Myanmar’s military carefully designed the constitution so that changing it would be immensely difficult. According to the constitution 25% of the seats in parliament’s lower and upper houses are reserved for military appointees, with the rest elected. A proposal to amend the charter only requires the support of 20% of lawmakers to be considered, but needs a 75% majority to change the constitution: and in some cases would also necessitate a referendum.

This is an almost impossible task that would need some support from the military to succeed. With the military bloc of 25% voting en masse, they have a de facto veto over constitutional changes that threaten the military’s power. Privately senior NLD leaders accept that this clause in the constitution needs to be changed before any debate or move to change the constitutional can be meaningful – but at present that is a distant hope.

The NLD leaders have been plotting this move for several months, according to senior party. It became crucial in the party’s strategists’ minds, after the disastrous results of the last November’s by-elections which reflected the NLD’s declined electoral popularity, especially in the ethnic areas.

But only a very small clique at the top of the party hierarchy were privy to the discussions and strategy, and especially the timing of the move to create a parliamentary committee to amend the constitution.

“This move makes our party relevant again to the people, and reignites our support base, as it reflects the widespread popular feeling in the community: the need for change,” said Ye Min Oo a senior member of the NLD’s economic committee. He admits though that he does not know what parts of the constitution that will be targeted for change. “We’ll just have to wait and see,” he mused but everything should become clearer in the next few weeks, he mused.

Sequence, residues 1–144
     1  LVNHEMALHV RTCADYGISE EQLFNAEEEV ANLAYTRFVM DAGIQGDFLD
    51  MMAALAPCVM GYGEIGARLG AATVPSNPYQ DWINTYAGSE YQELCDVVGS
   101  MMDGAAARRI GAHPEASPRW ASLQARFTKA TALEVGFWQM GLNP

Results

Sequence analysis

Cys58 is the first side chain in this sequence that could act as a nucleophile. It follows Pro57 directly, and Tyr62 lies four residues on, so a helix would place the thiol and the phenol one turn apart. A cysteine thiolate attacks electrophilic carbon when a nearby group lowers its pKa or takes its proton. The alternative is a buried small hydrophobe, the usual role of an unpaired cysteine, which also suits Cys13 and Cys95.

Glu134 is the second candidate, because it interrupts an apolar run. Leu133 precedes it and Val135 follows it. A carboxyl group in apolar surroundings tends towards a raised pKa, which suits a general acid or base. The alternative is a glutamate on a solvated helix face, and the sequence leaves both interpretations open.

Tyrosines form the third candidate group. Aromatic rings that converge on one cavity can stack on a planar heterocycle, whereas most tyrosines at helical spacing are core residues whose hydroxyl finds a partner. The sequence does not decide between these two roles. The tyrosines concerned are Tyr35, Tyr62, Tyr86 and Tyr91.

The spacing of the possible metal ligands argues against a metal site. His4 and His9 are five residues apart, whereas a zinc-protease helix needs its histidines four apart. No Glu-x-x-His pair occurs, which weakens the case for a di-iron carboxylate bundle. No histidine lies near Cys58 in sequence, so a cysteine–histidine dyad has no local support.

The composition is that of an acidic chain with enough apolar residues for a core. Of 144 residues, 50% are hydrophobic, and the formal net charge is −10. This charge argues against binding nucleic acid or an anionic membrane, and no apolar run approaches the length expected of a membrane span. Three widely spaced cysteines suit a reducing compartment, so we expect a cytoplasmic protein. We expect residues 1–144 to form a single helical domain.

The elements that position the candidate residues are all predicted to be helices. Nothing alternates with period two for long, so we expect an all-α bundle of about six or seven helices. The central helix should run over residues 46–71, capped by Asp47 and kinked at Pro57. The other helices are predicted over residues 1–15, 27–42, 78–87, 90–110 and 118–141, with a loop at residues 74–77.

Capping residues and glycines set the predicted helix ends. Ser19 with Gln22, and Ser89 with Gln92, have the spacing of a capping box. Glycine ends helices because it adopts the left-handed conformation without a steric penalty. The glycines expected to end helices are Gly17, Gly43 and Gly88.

So far little has been made public about the committee’s deliberations, though one of the committee’s leading members told reporters recently that a draft of proposed changes – which would then have to be voted on by parliament, would be announced within the next five months.

It is understood the committee is slowly reviewing the charter chapter by chapter, starting with the 48 Basic Principles of the Union in the first Chapter, many of which the military regard as sacrosanct. A spokesman for the military MPs, Major General Than Soe told a press conference in the capital Naypyitaw recently that the army would not allow these ‘basic principles’ to be changed. When the military spokesman confirmed that the military MPs would take their place in the panel, he warned that they would oppose any changes to the “essence of the constitution”.

Since the NLD first tabled the motion to form the committee to discuss constitutional amendments, there has been mixed messages from the military’s contingent in parliament. Originally the military MPs reacted stoically when the motion to form the committee was first introduced, clearly waiting for instructions from above, according to seasoned observers who attended the parliamentary session. They stood up in unison when the motion was put to a vote, in protest. Then they threatened to boycott the committee — which was to have military representatives: the composition of the committee is to be based on the membership of the parliament based on proportional representation – and then relented and joined the committee’s deliberations.

But while the timing of the NLD move may have been highly secretive, the top military brass were aware of the government’s intention to push for constitutional amendments, according to government insiders. Although no direct talks seem to have taken place on the issue between the country’s civilian leader, the State Counsellor Aung San Suu Kyi and the army commander-in-chief Senior General Min Aung Hlaing, there has been a communication channel between them.